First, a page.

We examined the relationship of the identified proteins with canonical pathways and found that the proteins were related to the glycolysis pathway. The proteins included PKM2, ALDH2, ENO1, PGAM1, GAPDH, ALDOA, LDHA, and ALDOC. Glycolysis, or anaerobic respiration, is a fundamental metabolic process that produces energy for all cells. In order to maintain its functions, the brain needs an enormous amount of energy compared with other tissues. ALDOC is a brain-specific glycolysis enzyme that catalyzes the reversible aldol cleavage of fructose-1,6-biphosphate and fructose-1-phosphate to dihydroxyacetone phosphate and either glyceraldehyde-3-phosphate or glyceraldehyde 
. In the present study, we found a decrease of the ALDOC protein level in the affected twin. However, previous reports showed that protein expression level of ALDOC was increased in the frontal cortex of patients, including those with mood disorder 
. This discrepancy might reflect differences between tissues. Moreover, we found differential expression of many essential enzymes of glycolysis such as TPI1, ALDOA, and PGAM1. A previous report using positron emission tomography showed that familial bipolar depressive patients had decreased blood flow in the cerebrum and a decreased rate of glucose metabolism in the ventral anterior cingulate cortex 
. As indicated by an alteration in energy metabolism, compromised metabolic function has been reported in bipolar disorder 
. In these studies, alteration of mitochondrial proteins was reported. Mitochondria are involved in processes including the TCA cycle, glycolysis and gluconeogenesis, lipogenesis, and malate-asparate shuttle 
. Thus, changes in these proteins may lead to major alterations in the energy pathways, thus affecting ATP production. Recently, many reports have suggested that mitochondrial dysfunction is involved in bipolar disorder and other psychiatric disorders 
. Mitochondria are also involved in other essential processes such as apoptosis, oxidative stress, and calcium regulation 
. Thus, a decrease in energy production due to mitochondrial dysfunction in the brains of patients with bipolar disorder may be compensated for by an increase in energy production by glycolysis. It is possible that mitochondrial dysfunction affects neuronal cell death. Further study is needed to know whether these alterations in glycolysis-related proteins are a cause or consequence of the disease process.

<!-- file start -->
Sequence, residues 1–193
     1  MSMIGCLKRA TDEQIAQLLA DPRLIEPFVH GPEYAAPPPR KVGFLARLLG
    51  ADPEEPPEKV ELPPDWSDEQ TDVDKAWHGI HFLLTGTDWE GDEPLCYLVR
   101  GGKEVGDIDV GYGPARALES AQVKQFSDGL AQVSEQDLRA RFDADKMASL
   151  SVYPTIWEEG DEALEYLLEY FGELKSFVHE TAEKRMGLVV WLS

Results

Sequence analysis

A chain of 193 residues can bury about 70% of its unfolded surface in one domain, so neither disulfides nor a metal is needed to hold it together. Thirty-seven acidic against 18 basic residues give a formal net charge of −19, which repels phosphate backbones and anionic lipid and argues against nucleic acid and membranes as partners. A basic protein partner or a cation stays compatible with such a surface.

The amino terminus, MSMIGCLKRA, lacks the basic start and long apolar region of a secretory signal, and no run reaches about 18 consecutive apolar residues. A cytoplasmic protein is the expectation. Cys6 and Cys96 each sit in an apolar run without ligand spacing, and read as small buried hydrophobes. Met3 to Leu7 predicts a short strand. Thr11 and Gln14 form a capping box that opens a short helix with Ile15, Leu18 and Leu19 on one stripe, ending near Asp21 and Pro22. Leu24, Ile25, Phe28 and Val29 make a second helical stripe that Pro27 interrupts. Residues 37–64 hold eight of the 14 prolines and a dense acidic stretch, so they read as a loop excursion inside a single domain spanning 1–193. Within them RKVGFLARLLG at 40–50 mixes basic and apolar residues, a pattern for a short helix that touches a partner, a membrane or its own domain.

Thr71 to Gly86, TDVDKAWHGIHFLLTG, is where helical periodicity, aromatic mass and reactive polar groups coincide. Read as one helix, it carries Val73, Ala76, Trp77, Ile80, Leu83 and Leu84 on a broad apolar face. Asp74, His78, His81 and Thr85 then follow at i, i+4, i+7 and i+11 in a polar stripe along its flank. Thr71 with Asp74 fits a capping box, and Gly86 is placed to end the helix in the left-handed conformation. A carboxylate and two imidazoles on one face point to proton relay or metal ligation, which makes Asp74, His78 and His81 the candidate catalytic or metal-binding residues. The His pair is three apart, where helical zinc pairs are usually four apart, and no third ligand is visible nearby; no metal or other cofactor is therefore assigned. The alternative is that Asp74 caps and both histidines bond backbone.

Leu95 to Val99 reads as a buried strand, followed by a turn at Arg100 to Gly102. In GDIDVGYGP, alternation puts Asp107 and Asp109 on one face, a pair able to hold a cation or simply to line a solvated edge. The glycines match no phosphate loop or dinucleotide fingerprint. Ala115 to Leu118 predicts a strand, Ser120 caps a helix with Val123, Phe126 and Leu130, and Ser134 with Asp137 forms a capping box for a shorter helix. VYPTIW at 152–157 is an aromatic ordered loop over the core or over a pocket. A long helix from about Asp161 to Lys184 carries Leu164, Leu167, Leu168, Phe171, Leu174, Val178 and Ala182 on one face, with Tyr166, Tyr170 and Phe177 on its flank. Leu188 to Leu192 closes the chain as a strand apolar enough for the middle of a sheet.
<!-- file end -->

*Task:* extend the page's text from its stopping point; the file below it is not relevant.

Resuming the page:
This is the first study to our knowledge to apply proteomics for the analysis of monozygotic twins discordant for bipolar disorder, and it has major limitations. First of all, we analyzed only a single pair of monozygotic twins. Thus, results cannot be applied to bipolar disorder in general. Another limitation is the tissue examined; that is, lymphoblastoid cells. Although brain samples may be optimal to identify molecules directly related to bipolar disorder, brain samples of twins are difficult to access. In addition, accessible tissues such as body fluid and peripheral cells such as serum, plasma, cerebrospinal fluids, saliva, urine, and peripheral blood cells should be used for biomarkers. In this study, we used lymphoblastoid cells and avoided a possible effect of medication by culturing the cells in drug-free media. However, a possibility that the effect of medication at the collection of blood last even after culturing the cells in drug-free media for a month cannot be totally ruled out. The other major limitation is the small number of case–control samples.
In summary, we performed a proteomic analysis of lymphoblastoid cells in a pair of monozygotic twins discordant for bipolar disorder. The identified proteins were mainly categorized as those involved in cell death and glycolysis. In a case–control study, protein expression of PGAM1, which is related to glycolysis, was significantly higher in patients than in healthy controls. The present findings suggest future new targets that may be relevant to the pathology of bipolar disorder. The present results need to be tested in a larger, independent sample set to reach a valid conclusion.